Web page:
Says the famous Simon Doonan, creative director of Barneys New York, “Fashion, your personal style, can either blast you through the glass ceiling or hurl you onto the unemployment heap.” With interview season fast approaching, it is important to not only step beyond the competition speaking-wise, but also style-wise. Sure, turning to your nearest polyester black pinstriped suit jacket and pants seems “fashionably appropriate,” but everyone else is thinking the same thing. Essentially, you don’t look unique anymore.
Before you start penciling in possible shopping days and sketching outfits in your mind, think about your prospective job or internship. What industry is it in? What category is it under: marketing, public relations, design? For jobs in accounting or politics, it is important to wear solid colors and definitive shapes. On the other hand, you wouldn’t wear a plain White House suit for an interview in the media or the arts; you want to show off your creative side. With that in mind, here are four simple rules to dressing well for an interview.
1.Aim for your best color. Yes, dark colors are slimming and classic, but you need to stand out from the rest of the interviewees, and frankly, dark colors scream forgettable. You can still have black in your attire, but make sure it doesn’t overwhelm your ensemble. For the corporate world, try layering black over royal blue or purple and gray; as for the creative side, mix and match a little black with a muted palette (neutral, navy, gray, black) splashed with pops of bright colors. But if you decide to incorporate bright colors, make sure there are no more than two in one outfit, shoes and accessories included. Unless you’re aiming for a cross between an Oompa Loompa and Ronald McDonald.
2.It’s all about the fit. It doesn’t matter if you purchased your trousers from Kmart or Macyâ€™s; if the clothes don’t fit you perfectly, you end up looking sloppy, and sloppiness equates to laziness. Potential employers do not favor lazy-looking people. The easiest way is to get your clothes tailored. Menswear tailors are very knowledgeable in the appropriate proportions of the pant hem, so do not fear your new pant hems will end at the ankles after your visit to the tailor. DO NOT AVOID TAILORING.
Men, tailoring seems to be a huge issue for you. Make sure the hem hits the point where the heel of your shoe meets the upper, about an inch from the ground. If it’s too confusing for you, ask the tailor for a “toe-to-heel break.” The fit should always be slim and straight leg, none of that bootcut, skinny, low, or loose frivolity. The front of the pants should be front and non-pleated, without any fabric bunching up in the center. As for the upper torso, the jacket and shirt length should be no longer than your wrists. The shoulder pad seam should lie directly on the endpoint of the shoulder and the sleeves must hit the wrist. If you are lithe, try tapered pants. Just make sure they’re cut close, not resembling your favorite pair of girl jeans.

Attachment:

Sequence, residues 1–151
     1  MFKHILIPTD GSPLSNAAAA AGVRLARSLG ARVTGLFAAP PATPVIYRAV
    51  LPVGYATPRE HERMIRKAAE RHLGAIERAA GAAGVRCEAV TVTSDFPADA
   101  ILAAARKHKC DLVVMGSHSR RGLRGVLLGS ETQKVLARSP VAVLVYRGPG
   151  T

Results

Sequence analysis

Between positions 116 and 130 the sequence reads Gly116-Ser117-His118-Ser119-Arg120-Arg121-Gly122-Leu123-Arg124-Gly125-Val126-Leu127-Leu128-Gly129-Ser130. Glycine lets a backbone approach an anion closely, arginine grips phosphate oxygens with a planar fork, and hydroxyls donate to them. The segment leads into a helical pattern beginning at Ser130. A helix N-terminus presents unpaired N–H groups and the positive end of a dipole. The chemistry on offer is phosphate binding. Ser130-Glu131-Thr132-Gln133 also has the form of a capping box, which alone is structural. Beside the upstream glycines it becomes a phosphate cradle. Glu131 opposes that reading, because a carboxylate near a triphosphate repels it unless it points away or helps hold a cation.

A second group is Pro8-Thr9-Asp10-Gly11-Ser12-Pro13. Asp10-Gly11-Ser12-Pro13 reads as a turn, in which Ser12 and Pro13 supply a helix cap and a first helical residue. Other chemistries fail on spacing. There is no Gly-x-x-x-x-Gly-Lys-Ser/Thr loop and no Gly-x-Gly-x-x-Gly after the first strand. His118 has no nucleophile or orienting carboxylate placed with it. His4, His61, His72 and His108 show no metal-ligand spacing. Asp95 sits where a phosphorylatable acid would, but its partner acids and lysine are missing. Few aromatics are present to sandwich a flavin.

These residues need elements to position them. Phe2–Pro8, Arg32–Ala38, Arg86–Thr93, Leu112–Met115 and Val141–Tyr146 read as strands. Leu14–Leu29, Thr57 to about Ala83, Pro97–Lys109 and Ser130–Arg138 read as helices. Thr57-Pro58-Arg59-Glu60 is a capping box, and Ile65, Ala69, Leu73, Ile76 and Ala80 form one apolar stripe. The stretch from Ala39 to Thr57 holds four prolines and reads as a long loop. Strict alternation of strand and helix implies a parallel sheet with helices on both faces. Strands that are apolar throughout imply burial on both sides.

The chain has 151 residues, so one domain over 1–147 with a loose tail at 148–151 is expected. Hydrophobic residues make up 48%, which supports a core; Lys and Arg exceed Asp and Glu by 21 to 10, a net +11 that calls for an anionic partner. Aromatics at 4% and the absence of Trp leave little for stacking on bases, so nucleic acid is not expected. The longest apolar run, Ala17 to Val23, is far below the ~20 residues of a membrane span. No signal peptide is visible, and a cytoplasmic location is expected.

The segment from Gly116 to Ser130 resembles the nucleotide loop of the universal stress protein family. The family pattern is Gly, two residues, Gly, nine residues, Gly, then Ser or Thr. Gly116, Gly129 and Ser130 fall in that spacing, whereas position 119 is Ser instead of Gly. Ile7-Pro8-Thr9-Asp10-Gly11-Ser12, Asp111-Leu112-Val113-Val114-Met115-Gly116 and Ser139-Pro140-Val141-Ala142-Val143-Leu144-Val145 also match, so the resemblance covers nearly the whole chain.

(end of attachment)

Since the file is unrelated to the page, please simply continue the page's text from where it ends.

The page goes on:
Most people think that all clothes fit them; that’s an absolute lie. You can get as close as you can get to a perfect fit, but there will always be room for adjustments. Ladies, with dresses, the dress length should be exactly at or an inch above the knees; any lower will make you look squatty and any higher makes you look too porn-star. Pant hem should hit right above your toes, covering the majority of the heels and exposing the front of the shoes. The fabric should not be stretching or tight in any area; it must graze the body. With pants, avoid trends and stick to the classic straight leg. The width of your hips should match that of the bottom hem, slightly narrowing at the mid-thigh. Think of your lower torso as a rectangle; everything should be streamlined. Same goes for skirts and dresses; the fabric cannot dip in the back, hugging your butt. This is not a competition for the best body.
3. Find definitive shapes. Just because the traditional suit best resembles typical interview apparel does not mean you must grab the first one you see. You can substitute a suit jacket for a fitted sweater or textured collared shirt and suit pants for a high-waisted or pencil skirt. For a more corporate feel, you can still maintain the suit vibe by wearing either the jacket or the pants. If you are interviewing for an art gallery, don’t forgo the business attire and wear a shapeless jersey dress with a belted cardigan. You still want to remain professional. Texture also contributes to the overall shape. Tweed is too heavy, and jersey is too light. Generally, the best fabric is wool and cotton/polyester blend for men and cotton/polyester blend or satin for women.
4.Accessories are key. If you’re in the creative industry, opt for bold jewelry, belts, and shoes. For the corporate world, subtlety lights up via colors and texture. Ladies, with a simple dress, the right belt can really cinch your waist and show off your figure without being too revealing. Regardless of the industry, heels cannot be higher than four inches. Even at four inches, you must be under 5″7’ to not look like you’re at a model casting. Closed-toe shoes are essential for both sexes, and flats are simply not acceptable unless it’s for the creative industry. Lace-ups or loafers are perfect shoes for men. Personality can really shine through via accessories; in order to choose ones that really represent your individuality, pick up the pieces that strike you the most when you are in a hurry. For men, wear narrow belts with narrow pants and wide ones with classic straight leg cuts. Ties are also one definitive way you can show off your uniqueness if you feel silly wearing white shoes or flashy belts, la Nigel from “The Devil Wears Prada.”